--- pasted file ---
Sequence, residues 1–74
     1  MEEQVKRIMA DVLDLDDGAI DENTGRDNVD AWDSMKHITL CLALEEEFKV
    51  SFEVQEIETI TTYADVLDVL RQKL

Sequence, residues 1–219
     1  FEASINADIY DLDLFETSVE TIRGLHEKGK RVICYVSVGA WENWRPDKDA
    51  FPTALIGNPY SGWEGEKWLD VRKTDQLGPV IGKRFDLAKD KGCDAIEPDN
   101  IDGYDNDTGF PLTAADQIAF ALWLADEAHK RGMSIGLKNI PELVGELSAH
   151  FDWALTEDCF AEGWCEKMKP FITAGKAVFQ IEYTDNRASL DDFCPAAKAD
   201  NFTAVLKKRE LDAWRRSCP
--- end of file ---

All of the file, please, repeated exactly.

Sequence, residues 1–74
     1  MEEQVKRIMA DVLDLDDGAI DENTGRDNVD AWDSMKHITL CLALEEEFKV
    51  SFEVQEIETI TTYADVLDVL RQKL

Sequence, residues 1–219
     1  FEASINADIY DLDLFETSVE TIRGLHEKGK RVICYVSVGA WENWRPDKDA
    51  FPTALIGNPY SGWEGEKWLD VRKTDQLGPV IGKRFDLAKD KGCDAIEPDN
   101  IDGYDNDTGF PLTAADQIAF ALWLADEAHK RGMSIGLKNI PELVGELSAH
   151  FDWALTEDCF AEGWCEKMKP FITAGKAVFQ IEYTDNRASL DDFCPAAKAD
   201  NFTAVLKKRE LDAWRRSCP